The presidential election of 2012 may come down to one issue: voter suppression.
Most Republicans can argue until they're blue in the face that this isn't the case, but the visceral images we continue to see and the contumelious rhetoric used by their party's spokesmen suggest otherwise. For the past two years, there has been an execrable assault launched on President Obama and his candidacy for reelection. The amount of collusion going on to impede the voting process in swing states has become a historic scourge on the nation.
Republican Senate Minority Leader Mitch McConnell and the rest of the Republican brass stated on day one that their primary goal was to make President Barack Obama a one-term president. Despite all of their puissant efforts, the president has been quite successful on issues ranging from the rebirth of the auto industry to foreign policy. He has received no help in all these matters from the other side of the aisle. During the first two years of his term, he wanted to work in a bi-partisan manner, but each time the olive branch was extended it was ignored.
It has become laughable to listen to most Republicans come up with excuse after excuse on why they dislike President Obama. Very few Republicans can make a credible case based on statistical facts, but the rest are living in their collective bubbles where facts are foreign and lies are commonplace. The pervasive assertion has been that President Obama is lazy, un-American and not worthy of the position he holds as leader of the free world.
As this election comes to a close, voter suppression is rearing its ugly head once again. The states of Florida and Ohio are following in the same conspicuous footsteps from the year 2000. The Governor of Florida Rick Scott has steadfastly refused to extend early voting hours for individuals who reside in pro-Democratic areas within the state. Voting lines have been, at times, miles long with waiting times ranging from three to seven hours to simply do your civic duty by casting your vote for the candidate of your choice. The images on the nightly news programs have been quite disturbing and problematic.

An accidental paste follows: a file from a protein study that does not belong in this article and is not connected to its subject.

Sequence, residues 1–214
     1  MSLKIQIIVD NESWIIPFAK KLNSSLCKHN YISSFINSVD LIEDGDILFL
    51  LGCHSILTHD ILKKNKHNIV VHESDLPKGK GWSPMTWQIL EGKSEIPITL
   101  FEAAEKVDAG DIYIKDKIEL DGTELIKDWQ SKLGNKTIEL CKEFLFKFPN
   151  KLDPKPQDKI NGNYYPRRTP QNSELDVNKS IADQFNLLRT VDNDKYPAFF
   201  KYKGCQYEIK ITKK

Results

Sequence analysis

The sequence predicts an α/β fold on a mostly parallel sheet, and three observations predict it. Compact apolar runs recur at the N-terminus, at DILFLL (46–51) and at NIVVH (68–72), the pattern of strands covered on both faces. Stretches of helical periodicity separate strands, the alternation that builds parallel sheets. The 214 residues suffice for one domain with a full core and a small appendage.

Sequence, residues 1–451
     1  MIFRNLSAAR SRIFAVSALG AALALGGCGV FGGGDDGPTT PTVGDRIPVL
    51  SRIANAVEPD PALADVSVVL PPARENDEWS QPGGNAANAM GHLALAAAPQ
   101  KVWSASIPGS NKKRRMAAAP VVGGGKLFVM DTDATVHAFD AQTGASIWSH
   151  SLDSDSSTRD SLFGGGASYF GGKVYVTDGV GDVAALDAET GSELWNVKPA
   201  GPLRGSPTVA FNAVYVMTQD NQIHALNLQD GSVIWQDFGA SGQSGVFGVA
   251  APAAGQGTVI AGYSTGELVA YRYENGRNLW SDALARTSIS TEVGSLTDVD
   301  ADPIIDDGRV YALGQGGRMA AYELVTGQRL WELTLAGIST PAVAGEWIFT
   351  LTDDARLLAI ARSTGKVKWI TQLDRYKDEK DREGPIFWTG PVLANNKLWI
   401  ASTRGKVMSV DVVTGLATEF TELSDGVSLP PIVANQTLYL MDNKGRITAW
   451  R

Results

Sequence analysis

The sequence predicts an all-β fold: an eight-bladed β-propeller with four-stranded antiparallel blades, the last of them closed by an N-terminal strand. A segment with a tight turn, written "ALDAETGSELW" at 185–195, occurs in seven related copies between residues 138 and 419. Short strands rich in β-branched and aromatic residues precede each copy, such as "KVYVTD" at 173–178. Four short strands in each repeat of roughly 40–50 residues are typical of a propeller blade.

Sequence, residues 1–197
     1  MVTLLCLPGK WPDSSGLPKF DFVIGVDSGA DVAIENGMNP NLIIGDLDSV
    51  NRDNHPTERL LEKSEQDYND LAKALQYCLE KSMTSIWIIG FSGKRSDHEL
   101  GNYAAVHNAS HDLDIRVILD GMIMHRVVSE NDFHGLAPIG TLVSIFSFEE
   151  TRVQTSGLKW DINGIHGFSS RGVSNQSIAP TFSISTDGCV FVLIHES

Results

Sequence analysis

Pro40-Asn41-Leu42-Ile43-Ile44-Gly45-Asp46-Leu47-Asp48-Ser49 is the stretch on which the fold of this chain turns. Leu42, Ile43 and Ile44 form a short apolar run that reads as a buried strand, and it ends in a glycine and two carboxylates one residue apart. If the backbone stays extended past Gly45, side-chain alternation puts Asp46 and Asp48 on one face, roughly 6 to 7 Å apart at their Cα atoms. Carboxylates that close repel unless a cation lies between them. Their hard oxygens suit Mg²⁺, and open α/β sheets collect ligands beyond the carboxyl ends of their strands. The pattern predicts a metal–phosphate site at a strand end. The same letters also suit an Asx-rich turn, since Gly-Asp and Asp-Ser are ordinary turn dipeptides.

The atrocity that happened in Florida during the 2000 election has been thoroughly investigated and let's hope there isn't a dubious replay of it tonight. It seems the state has yet to fix their futility and ineptitude when it comes to the voting process. Their on-going spectacle continues to vanquish the process of democracy from running with supreme efficiency. The state of Ohio is running neck-in-neck with the state of Florida for the title of the most haphazard state in the Union. From the "glitches" of losing thousands of votes to implementing last-minute laws to disenfranchise voters makes many residents of the state wonder if there is something more diabolical going on.
Ohio Secretary of State Jon Husted is emblematic of a referee inserting himself into big time sporting event and his one-sided calls determine the final outcome in one team's favor. At this juncture, he is making himself bigger than the voting process itself and having a direct hand in determining the outcome for his political party. His conduct during this election cycle has been reprehensible and incorrigible. The denial for extending early voting hours in districts where there is a Democratic stronghold and extending them in Republican areas is not only troubling, but hypocritical.
Democracy isn't allocating hundreds of poll watchers in each state to make sure one side isn't cheating the electorate. Democracy isn't promoting voter ID laws that have been ruled unconstitutional. Democracy isn't throwing away documents signed by citizens to become registered voters. Democracy isn't reveling in the uncouth lies being represented by one political party's presidential, vice presidential and congressional nominees. Democracy isn't waiting in line for several hours just to vote.
Voting is the one of the most American things a citizen can do. But, when you have those in power trying to conspire against the American populace, it insults the very notion of democracy. It shouldn't be an arduous endeavor to cast your vote in this country. Why are Republicans so defiant in letting citizens vote? They claim to be the party of values and virtue, which is quite the feigned juxtaposition. It has been a beautiful sight to watch Ohioans and Floridians congregate within the unfair electoral confines to still make their votes count before and on Election Day.
The Republican Party can't handle the fact that the Democratic voting bloc are refusing to go down without a fight. Former Florida Governor Charlie Crist extended early voting hours during the 2008 campaign because it was simply the right thing to do. The most extreme elements in the Republican base have eliminated their moderate representatives. Is this what the future of our democracy will look like? These unjust acts should wholeheartedly offend more than 300 million citizens who call themselves American.
We deserve better from the people we elect to public office. Remember who and what you're voting for today: the future of America and democracy.